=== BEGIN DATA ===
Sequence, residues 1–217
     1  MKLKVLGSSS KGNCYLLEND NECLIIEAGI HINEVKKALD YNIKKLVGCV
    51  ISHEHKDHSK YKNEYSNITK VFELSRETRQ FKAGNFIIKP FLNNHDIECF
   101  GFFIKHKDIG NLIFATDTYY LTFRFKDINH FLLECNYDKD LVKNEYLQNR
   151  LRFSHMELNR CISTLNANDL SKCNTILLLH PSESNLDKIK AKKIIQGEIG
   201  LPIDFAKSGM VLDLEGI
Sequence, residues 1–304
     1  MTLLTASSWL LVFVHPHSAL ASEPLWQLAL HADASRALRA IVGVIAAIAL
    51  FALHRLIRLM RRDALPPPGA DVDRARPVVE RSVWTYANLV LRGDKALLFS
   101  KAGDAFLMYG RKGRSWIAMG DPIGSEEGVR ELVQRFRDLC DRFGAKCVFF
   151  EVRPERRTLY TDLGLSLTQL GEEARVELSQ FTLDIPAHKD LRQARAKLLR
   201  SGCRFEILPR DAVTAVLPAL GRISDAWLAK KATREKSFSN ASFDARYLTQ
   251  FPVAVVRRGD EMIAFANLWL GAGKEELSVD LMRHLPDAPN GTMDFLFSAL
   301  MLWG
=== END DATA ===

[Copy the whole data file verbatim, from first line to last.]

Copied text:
Sequence, residues 1–217
     1  MKLKVLGSSS KGNCYLLEND NECLIIEAGI HINEVKKALD YNIKKLVGCV
    51  ISHEHKDHSK YKNEYSNITK VFELSRETRQ FKAGNFIIKP FLNNHDIECF
   101  GFFIKHKDIG NLIFATDTYY LTFRFKDINH FLLECNYDKD LVKNEYLQNR
   151  LRFSHMELNR CISTLNANDL SKCNTILLLH PSESNLDKIK AKKIIQGEIG
   201  LPIDFAKSGM VLDLEGI
Sequence, residues 1–304
     1  MTLLTASSWL LVFVHPHSAL ASEPLWQLAL HADASRALRA IVGVIAAIAL
    51  FALHRLIRLM RRDALPPPGA DVDRARPVVE RSVWTYANLV LRGDKALLFS
   101  KAGDAFLMYG RKGRSWIAMG DPIGSEEGVR ELVQRFRDLC DRFGAKCVFF
   151  EVRPERRTLY TDLGLSLTQL GEEARVELSQ FTLDIPAHKD LRQARAKLLR
   201  SGCRFEILPR DAVTAVLPAL GRISDAWLAK KATREKSFSN ASFDARYLTQ
   251  FPVAVVRRGD EMIAFANLWL GAGKEELSVD LMRHLPDAPN GTMDFLFSAL
   301  MLWG